The fuel rail 128 delivers fuel to each fuel injector 90. For this purpose, the manifold chamber 134 communicates with a plurality of supply ports defined along the length of the fuel rail 128. As best understood from FIG. 3, each supply port receives an inlet end 136 of the corresponding fuel injector 90. The supply port communicates with an inlet port to the fuel injector 90 to supply the fuel injector 90 with fuel.
With reference to FIG. 2, a fuel return line 138 extends between an outlet port 140 of the fuel rail 128 and the fuel bowl 100 of the vapor separator 110. The return line 138 complete a flow loop defined by the high-pressure fuel delivery subsystem 120 to generally maintain a constant flow of fuel through the fuel rail 128. The constant fuel flow through the fuel delivery subsystem 120 inhibits heat transfer to the fuel and thus reduces fuel vaporization within the fuel rail 128. The vertical orientation also facilitates separation of any fuel vapor which occurs within the fuel delivery subsystem 120 from the fuel flow into the injectors 90.
A pressure regulator 142 desirably lies within the fuel loop, as schematically illustrated in FIG. 2. The pressure regulator 142 generally maintains a uniform fuel pressure at the injectors 90 (e.g., 50-100 atm). The regular 142 regulates pressure by dumping excess fuel back to the vapor separator 110, as known in the art. In the illustrated embodiment, the pressure regulator 142 is integrally formed with the fuel rail 128, between the manifold chamber 134 and the outlet port 140.
FIGS. 1, 5 and 6 best illustrate the arrangement of the components of the fuel supply system 10 within the cowling 102. As seen in FIG. 1, the fuel transport subsystem 98 generally lies on one side (e.g., the left side) of induction system and the fuel delivery subsystem 120 generally lies on the other side (e.g., the right side). In the illustrated embodiment, the a flexible fuel intake conduit 144 connects to a conventional quick-connect coupling 146 positioned at the front-left side of the cowling 102. An internal conduit 106 connects the coupling 146 to the fuel filter 108 to place the filter 108 in communication with the fuel intake conduit 144.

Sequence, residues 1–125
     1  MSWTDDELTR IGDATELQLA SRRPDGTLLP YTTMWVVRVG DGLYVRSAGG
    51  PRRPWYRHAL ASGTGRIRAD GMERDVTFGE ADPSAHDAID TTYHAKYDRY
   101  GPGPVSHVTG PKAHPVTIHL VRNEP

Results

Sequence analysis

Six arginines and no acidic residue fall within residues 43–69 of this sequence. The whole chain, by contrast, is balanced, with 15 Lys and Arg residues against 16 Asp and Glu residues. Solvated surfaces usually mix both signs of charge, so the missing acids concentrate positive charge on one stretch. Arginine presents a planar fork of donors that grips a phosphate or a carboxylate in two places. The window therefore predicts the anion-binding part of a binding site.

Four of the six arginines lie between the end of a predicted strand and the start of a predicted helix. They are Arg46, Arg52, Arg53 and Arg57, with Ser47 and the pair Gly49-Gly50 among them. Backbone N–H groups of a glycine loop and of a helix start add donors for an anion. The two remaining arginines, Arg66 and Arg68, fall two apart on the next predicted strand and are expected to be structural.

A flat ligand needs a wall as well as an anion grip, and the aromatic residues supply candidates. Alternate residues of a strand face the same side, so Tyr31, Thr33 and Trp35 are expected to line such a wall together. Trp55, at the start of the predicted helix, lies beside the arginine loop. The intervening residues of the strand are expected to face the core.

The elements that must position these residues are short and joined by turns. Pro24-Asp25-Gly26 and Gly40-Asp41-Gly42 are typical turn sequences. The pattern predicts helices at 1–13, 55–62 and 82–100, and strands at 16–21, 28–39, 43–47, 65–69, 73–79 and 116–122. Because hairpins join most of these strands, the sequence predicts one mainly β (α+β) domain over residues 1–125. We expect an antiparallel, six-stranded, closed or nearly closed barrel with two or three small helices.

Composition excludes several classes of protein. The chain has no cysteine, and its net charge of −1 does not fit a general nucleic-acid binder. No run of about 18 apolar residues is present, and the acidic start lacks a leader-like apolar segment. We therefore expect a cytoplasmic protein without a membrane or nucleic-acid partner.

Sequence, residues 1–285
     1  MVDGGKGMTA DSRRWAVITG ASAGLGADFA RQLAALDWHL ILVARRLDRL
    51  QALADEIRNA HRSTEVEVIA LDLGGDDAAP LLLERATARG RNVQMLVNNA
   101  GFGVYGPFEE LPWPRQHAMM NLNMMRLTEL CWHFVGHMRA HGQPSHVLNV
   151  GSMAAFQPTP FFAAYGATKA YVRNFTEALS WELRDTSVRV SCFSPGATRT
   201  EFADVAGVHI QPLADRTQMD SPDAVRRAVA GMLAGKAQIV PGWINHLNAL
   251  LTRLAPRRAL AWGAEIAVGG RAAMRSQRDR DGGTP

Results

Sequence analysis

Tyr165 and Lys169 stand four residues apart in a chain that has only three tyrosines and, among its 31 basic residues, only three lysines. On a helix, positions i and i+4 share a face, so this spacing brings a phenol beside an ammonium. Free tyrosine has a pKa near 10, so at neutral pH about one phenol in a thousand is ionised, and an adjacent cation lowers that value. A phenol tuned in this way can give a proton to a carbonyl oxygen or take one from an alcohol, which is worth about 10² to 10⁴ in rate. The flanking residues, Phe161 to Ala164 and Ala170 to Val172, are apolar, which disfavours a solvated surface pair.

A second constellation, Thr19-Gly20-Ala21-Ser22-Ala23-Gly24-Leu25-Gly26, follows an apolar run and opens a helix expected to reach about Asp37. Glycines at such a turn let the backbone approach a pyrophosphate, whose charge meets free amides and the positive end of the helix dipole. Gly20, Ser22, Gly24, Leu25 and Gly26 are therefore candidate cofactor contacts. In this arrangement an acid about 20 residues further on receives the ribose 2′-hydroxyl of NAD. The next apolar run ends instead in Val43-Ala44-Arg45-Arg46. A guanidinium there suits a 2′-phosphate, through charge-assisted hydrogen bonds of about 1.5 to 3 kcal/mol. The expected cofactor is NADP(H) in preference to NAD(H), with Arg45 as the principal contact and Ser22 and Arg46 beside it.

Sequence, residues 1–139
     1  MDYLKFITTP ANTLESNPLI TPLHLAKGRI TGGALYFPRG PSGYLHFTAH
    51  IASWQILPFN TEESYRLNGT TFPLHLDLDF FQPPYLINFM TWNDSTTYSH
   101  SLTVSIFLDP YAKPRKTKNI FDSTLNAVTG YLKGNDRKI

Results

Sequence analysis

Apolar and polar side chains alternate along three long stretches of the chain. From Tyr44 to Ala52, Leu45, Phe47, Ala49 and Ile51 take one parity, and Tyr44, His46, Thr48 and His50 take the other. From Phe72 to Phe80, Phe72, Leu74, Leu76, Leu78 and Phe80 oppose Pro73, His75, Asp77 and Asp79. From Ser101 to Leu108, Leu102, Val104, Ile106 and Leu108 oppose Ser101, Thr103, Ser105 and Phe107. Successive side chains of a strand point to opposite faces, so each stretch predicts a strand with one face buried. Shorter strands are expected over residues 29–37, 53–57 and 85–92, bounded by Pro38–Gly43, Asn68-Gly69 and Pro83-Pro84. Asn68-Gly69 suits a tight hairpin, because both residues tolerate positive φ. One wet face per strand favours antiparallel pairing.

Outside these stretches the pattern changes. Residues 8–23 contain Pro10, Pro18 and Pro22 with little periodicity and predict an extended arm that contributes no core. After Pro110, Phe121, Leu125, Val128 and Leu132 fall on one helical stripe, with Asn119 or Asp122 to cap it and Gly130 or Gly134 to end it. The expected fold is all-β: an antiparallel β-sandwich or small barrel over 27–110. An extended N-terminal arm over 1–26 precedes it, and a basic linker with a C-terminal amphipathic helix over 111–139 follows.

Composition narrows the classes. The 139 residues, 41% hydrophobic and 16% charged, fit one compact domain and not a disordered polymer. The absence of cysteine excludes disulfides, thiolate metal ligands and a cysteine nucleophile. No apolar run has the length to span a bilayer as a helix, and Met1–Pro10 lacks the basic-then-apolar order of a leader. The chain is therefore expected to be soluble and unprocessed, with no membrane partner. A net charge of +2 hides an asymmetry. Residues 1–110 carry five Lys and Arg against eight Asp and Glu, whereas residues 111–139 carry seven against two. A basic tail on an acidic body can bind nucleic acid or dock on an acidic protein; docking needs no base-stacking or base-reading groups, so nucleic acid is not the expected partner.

As seen in FIG. 5, the internal conduit 106 attaches to an inlet port on an upper side of the filter 108. On output line 148 connects an outlet port on the filter 108 to pump manifold 150. The line 148 communicates with the pump manifold 150 at a point proximate to an influent port of the lowest positioned low-pressure pump 104 to inhibit the occurrence of a vapor lock within the system 10, as known in the art.
The manifold 150 communicates with the influent port of each of the low-pressure pumps 104. In the illustrated embodiment, the fuel transport subsystem 98 includes three electric low-pressure pumps 104 run by an electrical system of the outboard motor 10. The pumps 104 are arranged above one another on the side of the crankcase member 56. As best seen in FIG. 3, each pump 104 is mounted to a boss 152 formed on the side of the crankcase member 56.
With reference to FIGS. 1 and 5, a delivery conduit 154 connects an effluent port of the lower-most transport pump 104 to the fuel bowl 100 of the vapor separator 110. Conduit segments coupled to T-fittings connect the effluent ports of the upper transport pumps 104 to the delivery conduit 154 to deliver fuel to the fuel bowl 110.
The delivery conduit 154 extends up the side of the crankcase member 46 and extends around the front end of the engine 12, passing over the upper throttle body 62 of the induction system. The deliver conduit 154 connects to the fuel vapor separator 110 on the other side of the induction system.